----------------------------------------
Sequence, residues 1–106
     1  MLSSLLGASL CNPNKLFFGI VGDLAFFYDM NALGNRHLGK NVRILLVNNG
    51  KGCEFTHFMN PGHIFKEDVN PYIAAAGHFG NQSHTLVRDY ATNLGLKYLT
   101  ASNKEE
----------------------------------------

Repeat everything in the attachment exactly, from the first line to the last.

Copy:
Sequence, residues 1–106
     1  MLSSLLGASL CNPNKLFFGI VGDLAFFYDM NALGNRHLGK NVRILLVNNG
    51  KGCEFTHFMN PGHIFKEDVN PYIAAAGHFG NQSHTLVRDY ATNLGLKYLT
   101  ASNKEE